Stictoptera illucida Walker,
1865, List Specimens lepid. Insects Colln. Br. Mus. 33: 918.
Lophoptera illucida Walker;
Holloway, 1976: 19.
species is recognised by the dark brown, almost black semicircle at one third on
the forewing dorsum; only rarely is this obscured with rufous in Bornean
specimens which might lead to confusion with leucostriga (with a much
more developed lenticular submarginal) or ferrinalis (with a more
elongate rufous zone). The semicircle is often associated with a white patch,
slightly distal and anterior to it (illustrated). Other forms, rare in Borneo,
have the central zone of the forewing longitudinally paler or a purplish tone to
the forewing with pale patches at the tornus and centre of the margin (both
Taxonomic note. A
closely related, undescribed species with a striking hyaline base to the
hindwing flies in New Guinea.
tropics to Peninsular Malaysia and Borneo.
G. Kinabalu it was frequent at 1200m. During the Mulu survey it was frequent in
upper montane forest on G. Mulu but rare at lower altitudes, common at Long Pala
where the trap was set on a limestone outcrop overlooking alluvial forest
canopy, and frequent all over the transect of G. Api. A singleton was taken at
1620m in upper montane forest on Bukit Retak, Brunei.
Biology. The larva has been described by both Bell (MS) and Gardner (1948a). The
descriptions differ slightly. The following is taken from Bell with Gardner's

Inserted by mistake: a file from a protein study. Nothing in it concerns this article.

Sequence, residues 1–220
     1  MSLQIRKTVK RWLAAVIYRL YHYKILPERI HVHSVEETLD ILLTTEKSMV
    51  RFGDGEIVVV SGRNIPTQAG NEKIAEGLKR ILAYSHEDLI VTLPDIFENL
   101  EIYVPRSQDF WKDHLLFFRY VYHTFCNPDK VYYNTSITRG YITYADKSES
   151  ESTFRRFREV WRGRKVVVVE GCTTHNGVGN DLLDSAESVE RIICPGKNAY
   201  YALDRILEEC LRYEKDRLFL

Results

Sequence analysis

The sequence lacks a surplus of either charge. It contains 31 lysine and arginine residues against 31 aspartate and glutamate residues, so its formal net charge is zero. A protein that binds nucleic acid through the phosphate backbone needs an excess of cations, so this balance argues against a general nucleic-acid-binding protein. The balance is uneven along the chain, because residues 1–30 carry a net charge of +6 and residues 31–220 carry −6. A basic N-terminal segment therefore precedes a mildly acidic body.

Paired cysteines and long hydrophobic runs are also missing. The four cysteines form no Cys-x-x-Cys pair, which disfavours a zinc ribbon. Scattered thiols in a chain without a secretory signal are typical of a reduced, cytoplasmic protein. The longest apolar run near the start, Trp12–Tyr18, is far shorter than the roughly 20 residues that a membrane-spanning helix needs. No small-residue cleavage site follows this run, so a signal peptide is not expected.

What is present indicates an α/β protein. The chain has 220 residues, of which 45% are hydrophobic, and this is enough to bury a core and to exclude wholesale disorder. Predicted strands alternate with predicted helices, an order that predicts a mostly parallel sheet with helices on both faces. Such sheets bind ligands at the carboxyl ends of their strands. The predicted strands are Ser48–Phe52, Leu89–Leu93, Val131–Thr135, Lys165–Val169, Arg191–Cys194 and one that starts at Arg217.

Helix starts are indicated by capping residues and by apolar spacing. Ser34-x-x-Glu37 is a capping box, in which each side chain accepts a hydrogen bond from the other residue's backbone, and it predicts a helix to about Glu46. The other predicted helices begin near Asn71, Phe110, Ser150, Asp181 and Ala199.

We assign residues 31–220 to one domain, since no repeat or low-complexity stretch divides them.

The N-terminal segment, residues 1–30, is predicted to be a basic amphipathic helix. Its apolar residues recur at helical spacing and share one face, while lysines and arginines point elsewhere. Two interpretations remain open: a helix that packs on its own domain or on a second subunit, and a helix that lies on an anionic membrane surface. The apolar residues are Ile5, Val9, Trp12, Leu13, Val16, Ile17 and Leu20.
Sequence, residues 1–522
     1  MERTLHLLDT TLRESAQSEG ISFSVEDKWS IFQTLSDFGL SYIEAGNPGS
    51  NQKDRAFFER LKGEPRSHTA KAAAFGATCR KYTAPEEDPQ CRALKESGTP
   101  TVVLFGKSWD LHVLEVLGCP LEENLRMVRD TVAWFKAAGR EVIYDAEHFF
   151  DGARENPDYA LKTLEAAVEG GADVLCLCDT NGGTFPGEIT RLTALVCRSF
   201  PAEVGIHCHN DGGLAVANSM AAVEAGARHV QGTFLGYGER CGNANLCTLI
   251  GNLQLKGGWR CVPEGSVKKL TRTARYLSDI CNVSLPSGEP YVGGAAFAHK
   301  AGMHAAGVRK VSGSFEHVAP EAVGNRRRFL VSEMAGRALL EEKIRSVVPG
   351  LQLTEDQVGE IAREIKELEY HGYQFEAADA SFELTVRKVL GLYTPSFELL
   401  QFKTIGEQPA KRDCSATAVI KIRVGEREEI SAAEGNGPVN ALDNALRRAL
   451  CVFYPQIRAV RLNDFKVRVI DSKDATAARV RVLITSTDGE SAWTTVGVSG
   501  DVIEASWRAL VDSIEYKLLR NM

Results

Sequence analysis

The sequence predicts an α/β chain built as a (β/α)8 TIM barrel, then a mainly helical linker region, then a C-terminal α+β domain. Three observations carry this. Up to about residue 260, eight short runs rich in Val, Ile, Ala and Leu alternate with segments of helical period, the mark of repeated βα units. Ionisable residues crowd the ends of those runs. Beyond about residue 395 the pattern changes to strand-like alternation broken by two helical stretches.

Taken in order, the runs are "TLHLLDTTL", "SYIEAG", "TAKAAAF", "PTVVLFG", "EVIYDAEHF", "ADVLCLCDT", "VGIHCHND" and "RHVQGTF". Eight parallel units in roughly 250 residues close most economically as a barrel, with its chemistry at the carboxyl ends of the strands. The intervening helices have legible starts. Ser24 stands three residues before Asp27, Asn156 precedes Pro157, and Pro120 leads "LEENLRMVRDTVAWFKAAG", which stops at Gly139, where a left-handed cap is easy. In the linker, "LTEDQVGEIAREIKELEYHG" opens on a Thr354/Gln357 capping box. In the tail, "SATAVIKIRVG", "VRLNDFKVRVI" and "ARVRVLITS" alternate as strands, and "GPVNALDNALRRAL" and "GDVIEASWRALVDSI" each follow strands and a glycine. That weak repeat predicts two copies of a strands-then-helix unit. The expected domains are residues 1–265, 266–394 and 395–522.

observations in square brackets.
The larva is cylindrical, narrowing somewhat towards the head. The head
is pale yellow [brown] with a black crescent from the antennal bases that curves
towards the clypeus. The body is green [yellow], marked variously with dull,
dark purple [black], sometimes only in an irregular lateral patch, sometimes
extending broadly down the flanks and, at the anterior of each segment, over the
dorsum. The first thoracic segment is always pure green above the lateral line
and has a narrow black anterior margin. [The legs and prolegs are pale, the
latter brownish apically, and the spiracles have fine brown rims.]
Bell's larvae were brought in moulting to the final instar in cells
formed by folding young leaves of the host-plant, the folds fixed by regular
walls of dense, pure white silk. The larva feeds in the young leaves, often
within a loose cell of the same nature. It turns pink prior to pupation which is
in the soil in an ovoid cocoon of grey silk coated with earth particles and
fitting the pupa closely. The pupation time is about two weeks.
Both recorded host-plants are in the Dipterocarpaceae: Shorea robusta
(Sevastopulo, 1941; Gardner) and Hopea wightiana (Bell).
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